If you leave "what is safe" up to the racers they will almost always decide that race pace is safe. Yet that is not safe on a course such as the TT when corner marshalls and crashed riders are on the course with tons of blind turns.

Like you said there is big money involved and that is most definitely why they did not slow down for the yellows so there should be a system figured out for these situations. A good suggestion was to break the course up in to 1 mile segments and eliminate that segment for everybody's over all time, such as they do in rally racing. In this case you could slow down for that section and not worry about losing out to competitors that don't.

Also this is a big deal whether it's a death on track or not. Suppose things go on as they have and one time a rider comes through at race speed and hits a marshall killing both of them? What then? Some powers in government want to end the TT and other road races on safety grounds, things like this add fuel to their fire. Safety is paramount in keeping the TT's future intact. If an example has to be made out of big name riders then so be it, they are not immune to the rules after all.

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Lightbulb didn't read through the thread, just posting up......

hope guy martin & anyone else hurt or injured @ this years' event has a strong & complete recovery




http://www.visordown.com/motorcycle-...ero/11884.html
motoczysz electric bike takes pole & podium winning this years zero
emissions race @ isle of mann
way to go team czysz!!! (pronounced like 'sizze')

it's awesome to see the usa leading the way winning this years race after a dnf last year. what an amazing leap, regarding results
wonder if the batteries were designed & or built stateside or across the pond?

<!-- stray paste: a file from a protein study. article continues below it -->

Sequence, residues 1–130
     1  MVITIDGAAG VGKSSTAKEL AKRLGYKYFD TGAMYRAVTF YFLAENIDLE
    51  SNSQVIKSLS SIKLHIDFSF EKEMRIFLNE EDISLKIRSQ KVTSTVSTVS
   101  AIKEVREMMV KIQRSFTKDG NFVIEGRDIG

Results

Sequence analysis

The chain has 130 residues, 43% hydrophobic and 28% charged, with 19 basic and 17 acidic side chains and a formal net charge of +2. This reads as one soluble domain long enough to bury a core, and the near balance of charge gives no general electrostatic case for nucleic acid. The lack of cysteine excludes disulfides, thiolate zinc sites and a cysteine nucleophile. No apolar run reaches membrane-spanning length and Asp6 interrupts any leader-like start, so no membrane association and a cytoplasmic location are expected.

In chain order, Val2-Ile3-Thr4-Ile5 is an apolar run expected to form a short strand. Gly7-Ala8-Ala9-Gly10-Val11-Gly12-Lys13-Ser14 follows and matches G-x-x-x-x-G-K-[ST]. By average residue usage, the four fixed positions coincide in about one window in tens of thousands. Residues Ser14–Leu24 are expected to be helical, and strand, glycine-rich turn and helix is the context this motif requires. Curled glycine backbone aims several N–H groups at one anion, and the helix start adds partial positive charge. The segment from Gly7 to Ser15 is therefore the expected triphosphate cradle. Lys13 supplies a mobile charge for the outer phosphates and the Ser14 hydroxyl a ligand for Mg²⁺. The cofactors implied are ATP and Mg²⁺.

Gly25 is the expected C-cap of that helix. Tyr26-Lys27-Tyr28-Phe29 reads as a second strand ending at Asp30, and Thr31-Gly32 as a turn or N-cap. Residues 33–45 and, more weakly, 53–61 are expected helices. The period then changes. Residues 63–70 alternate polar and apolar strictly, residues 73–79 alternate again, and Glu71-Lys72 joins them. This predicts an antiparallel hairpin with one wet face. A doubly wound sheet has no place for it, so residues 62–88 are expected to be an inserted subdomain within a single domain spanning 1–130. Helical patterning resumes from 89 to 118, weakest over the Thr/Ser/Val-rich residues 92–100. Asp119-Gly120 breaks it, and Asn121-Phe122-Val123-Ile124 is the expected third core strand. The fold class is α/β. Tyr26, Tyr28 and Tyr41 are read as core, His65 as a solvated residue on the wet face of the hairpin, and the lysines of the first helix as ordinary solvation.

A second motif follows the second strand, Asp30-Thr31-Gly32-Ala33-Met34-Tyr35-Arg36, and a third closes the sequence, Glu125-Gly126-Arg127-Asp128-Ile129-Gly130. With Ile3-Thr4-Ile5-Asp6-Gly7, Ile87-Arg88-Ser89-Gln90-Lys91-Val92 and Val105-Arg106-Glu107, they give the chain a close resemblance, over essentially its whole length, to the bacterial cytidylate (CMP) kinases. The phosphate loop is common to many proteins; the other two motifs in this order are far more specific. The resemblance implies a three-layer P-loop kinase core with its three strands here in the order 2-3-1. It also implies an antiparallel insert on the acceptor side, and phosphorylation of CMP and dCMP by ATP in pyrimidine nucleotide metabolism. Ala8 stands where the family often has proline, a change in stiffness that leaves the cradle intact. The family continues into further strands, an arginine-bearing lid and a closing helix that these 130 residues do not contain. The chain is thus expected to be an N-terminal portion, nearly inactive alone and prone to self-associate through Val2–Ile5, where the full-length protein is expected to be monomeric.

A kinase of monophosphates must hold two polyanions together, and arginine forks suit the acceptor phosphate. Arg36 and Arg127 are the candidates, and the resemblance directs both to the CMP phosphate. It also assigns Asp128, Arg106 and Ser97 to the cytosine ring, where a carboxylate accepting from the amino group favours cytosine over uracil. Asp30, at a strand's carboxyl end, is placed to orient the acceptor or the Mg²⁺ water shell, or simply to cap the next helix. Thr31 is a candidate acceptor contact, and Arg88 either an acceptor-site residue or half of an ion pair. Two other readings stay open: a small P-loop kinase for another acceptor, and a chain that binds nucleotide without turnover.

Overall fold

was pretty linked to this while races were being run
bummer, guess it's only live/available, during races
http://ttlive.iomtt.com/index.htm


posted on popular science online


The Inside Story of the MotoCzysz E1pc, the World's Most Advanced Electric Motorcycle

On the eve of its first race--at one of the toughest and most dangerous motorcycle racetracks in the world--we take an exclusive inside look at one man's quest to engineer the ultimate electric race bike


http://www.popsci.com/cars/article/2...ric-motorcycle

This is the 2010 MotoCzysz E1pc, a race bike built by a tiny Oregonian company focused on pushing the limits of electric performance to the absolute max. It packs 10 times the battery capacity of a Toyota Prius and 2.5 times the torque of a Ducati 1198 into a package that looks like something out of a 24th-century Thunderdome.
Tomorrow it will race in the Isle of Man TT, the toughest motorcycle race in the world. The technology at work is so advanced, so unprecedented, that we may be looking not just at the future of motorcycles, but of all electric vehicle
  • article in the NY TIMES
June 16, 2010, 12:44 pm Racing an Electric Motorcycle in the Most Dangerous Setting


http://wheels.blogs.nytimes.com/2010...erous-setting/

11:33 a.m. | Updated
DOUGLAS, Isle of Man – As much as anything about the 2010 Isle of Man Tourist Trophy races last week that saw him emerge as the first American winner since 1984, Mark Miller remembers the chasing helicopter, its shadow following him and his battery-powered motorcycle through every heart-pumping turn on a 37.7-mile road course that racing motorcyclists regard as the sport’s most dangerous challenge.
With an on-board camera that relays live television images of the racing, the helicopter follows the bikes from high above the course. Its swoops and circles alert spectators crowding every vantage point...........


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I was just watching the 2009 DVD. Those dudes are nuts!!!
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Originally Posted by TPapp View Post
If you leave "what is safe" up to the racers they will almost always decide that race pace is safe.
I agree with almost every thing you've said but not this. Yes you'll have a few with no regard for anything but race pace and the win, but you're tarring every racer with one brush here i think. I know its not the same as bikes but i used to Rally and circuit race saloons and i know i respected the flags whether or not i tought they were shown correctly.

Either way i agree with you in that something has to change but the problem is is it the marshalling, the racers or both?